News / Africa

Mubarak Speech Prompts Egypt Protesters to Carry On

Anti-government protesters demonstrate in Tahrir Square in downtown Cairo, Egypt, February 10, 2011
Anti-government protesters demonstrate in Tahrir Square in downtown Cairo, Egypt, February 10, 2011
Elizabeth Arrott

The tension in Cairo is palpable after a chaotic day that saw the hopes of anti-government protesters raised, then dashed when President Hosni Mubarak told the nation he would delegate some powers, but stay on in office.  After newly-empowered Vice President Omar Suleiman then told demonstrators to go home, many planned even bigger protests Friday.

It was the speech the protesters did not want to hear.  After signals from the military that Mr. Mubarak was going to step down, the mood in the square had grown jubilant.  Then the words of the president were relayed on loudspeakers and the expectant crowd grew quiet.  As it became clear the man they want gone was not bidding farewell, the jeers began.   By the end, the anger, sadness and a renewed sense of determination was overwhelming.

One protester said, "He lost the trust of every Egyptian now.  He keeps promising us without doing anything.  In this latest speech, he didn't say anything new.  He just repeated the other speeches and said it again.  We are all disappointed and we want revenge for the people that died for the sake of freedom.  We will not stop at this point.  This is not the end."

 

A fellow demonstrator also took no comfort in Mr. Mubarak's promise to review the much-hated emergency laws and other concessions they saw as far too little, far too late.  He said, "We get nothing, we get nothing.  We want the regime and the head of the regime down.  We don't want this regime anymore.  This regime is against us, against our freedom, against the Egyptian people."

The speech marked another shift during 17 tumultuous days in the political life of Egypt.  Only an hour before, the crowd was happily thinking of what life would be like after the president was gone.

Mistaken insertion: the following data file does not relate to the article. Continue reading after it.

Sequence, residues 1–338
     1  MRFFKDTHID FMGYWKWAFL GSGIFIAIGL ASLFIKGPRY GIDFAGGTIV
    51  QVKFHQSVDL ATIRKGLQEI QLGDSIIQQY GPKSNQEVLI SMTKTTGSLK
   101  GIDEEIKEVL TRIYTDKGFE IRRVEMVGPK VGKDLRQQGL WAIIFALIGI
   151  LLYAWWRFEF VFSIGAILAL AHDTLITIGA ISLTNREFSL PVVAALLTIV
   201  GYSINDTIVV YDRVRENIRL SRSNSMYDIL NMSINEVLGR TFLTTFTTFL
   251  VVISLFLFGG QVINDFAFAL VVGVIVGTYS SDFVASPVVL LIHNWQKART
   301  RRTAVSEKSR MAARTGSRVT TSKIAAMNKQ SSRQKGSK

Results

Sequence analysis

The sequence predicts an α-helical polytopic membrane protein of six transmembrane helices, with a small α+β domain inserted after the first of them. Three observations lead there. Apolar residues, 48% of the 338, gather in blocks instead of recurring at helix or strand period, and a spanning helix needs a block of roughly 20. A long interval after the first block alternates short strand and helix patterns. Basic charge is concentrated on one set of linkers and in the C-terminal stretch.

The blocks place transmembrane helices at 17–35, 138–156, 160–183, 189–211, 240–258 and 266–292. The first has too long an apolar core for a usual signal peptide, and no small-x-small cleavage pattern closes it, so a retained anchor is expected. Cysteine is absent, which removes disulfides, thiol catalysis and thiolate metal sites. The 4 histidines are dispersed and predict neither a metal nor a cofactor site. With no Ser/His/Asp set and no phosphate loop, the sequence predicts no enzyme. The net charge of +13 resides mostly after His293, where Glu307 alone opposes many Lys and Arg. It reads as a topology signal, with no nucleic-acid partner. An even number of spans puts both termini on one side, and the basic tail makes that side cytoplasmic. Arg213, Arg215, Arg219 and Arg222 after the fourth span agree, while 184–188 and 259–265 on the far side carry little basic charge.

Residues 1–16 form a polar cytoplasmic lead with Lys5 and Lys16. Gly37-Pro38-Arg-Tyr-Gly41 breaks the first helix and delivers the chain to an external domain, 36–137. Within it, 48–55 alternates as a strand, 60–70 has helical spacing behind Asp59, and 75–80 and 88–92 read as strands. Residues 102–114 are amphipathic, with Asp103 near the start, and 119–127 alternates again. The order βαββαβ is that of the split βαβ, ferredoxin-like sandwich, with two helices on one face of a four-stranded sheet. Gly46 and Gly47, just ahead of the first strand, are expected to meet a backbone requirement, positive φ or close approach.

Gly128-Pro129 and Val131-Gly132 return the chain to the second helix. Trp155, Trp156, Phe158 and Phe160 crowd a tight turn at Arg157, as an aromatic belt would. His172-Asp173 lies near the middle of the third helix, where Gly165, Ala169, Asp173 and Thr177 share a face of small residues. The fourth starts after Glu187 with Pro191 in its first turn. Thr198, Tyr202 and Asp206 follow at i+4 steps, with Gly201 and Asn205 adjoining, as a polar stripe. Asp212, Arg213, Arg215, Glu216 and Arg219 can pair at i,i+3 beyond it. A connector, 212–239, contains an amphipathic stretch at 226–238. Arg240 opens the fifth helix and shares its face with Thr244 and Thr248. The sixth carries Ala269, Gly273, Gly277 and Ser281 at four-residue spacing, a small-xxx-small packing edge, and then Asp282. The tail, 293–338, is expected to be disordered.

Lawyer Aya Badrawi didn't stop smiling as she contemplated the future.  She said, "Today I am extremely happy, Finally it's a victory of the people.  It's the beginning for freedom and democracy.  Definitely these people found their way and definitely we will be having a different Egypt and a better one."

The square was alive with hope.  Singers made their way through crowds, vendors hawked t-shirts and popcorn and a sea of flags proclaimed a pride in country, if not its leaders.  The make-shift village of tents and field hospitals had grown to include an arts and crafts corner, where children, whose parents brought them to view history in the making, were painting watercolors.

A marketer, among those helping out, said,"Hopefully, if he leaves, that would be the best thing ever.  For sure there will be some chaos.  We're ready for it, because freedom never comes cheap and we are not going to give up our freedom for safety.  We just want both."

Now neither seems guaranteed.  No one was willing to predict what the army, so far largely neutral through protests, would do if the demonstrations continued to grow.

But Noura, a graduate student at the square, vowed they would not give up, matching Mr. Mubarak's decision to carry on, saying, "We came here and thought we would celebrate that he is finally leaving.  But he said total nonsense and he is staying.  The people will not stop and we will fight until he leaves, because he wants to crush our dreams and he will not be able to do so any more.  We broke the fear."

Even as some left the square to sleep before more protests expected after Friday prayers, others set out across the city to take up positions beyond Tahrir during the night.

NEW: Follow our Middle East reports on Twitter
and discuss them on our Facebook page.

You May Like

Lesotho Faces New Round of Violence, Political Crisis

Brutal killing of military officer has sent former leaders back into S. Africa where they're watching anxiously as regional officials head in to try to restore peace More

Video US Diplomat Expects Adoption of Bosnian Massacre Anniversary Resolution

Samantha Power says there's broad consensus about killings in Bosnia's war, but Russia calls resolution 'divisive,' backs UN countermeasure More

UN Report Exposes Widespread Boko Haram Atrocities

Damning report graphically details pattern of vicious, widespread atrocities committed by Islamist militants More

This forum has been closed.
Comments
     
There are no comments in this forum. Be first and add one

Featured Videos

Your JavaScript is turned off or you have an old version of Adobe's Flash Player. Get the latest Flash player.
Olympics Construction Scars Sacred Korean Mountaini
X
July 02, 2015 4:10 AM
Environmentalists in South Korea are protesting a Winter Olympics construction project to build a ski slope through a 500-year-old protected forest. Brian Padden reports that although there is strong national support for hosting the 2018 Pyeongchang Winter Olympics, there are growing public concerns over the costs and possible ecological damage at the revered mountain.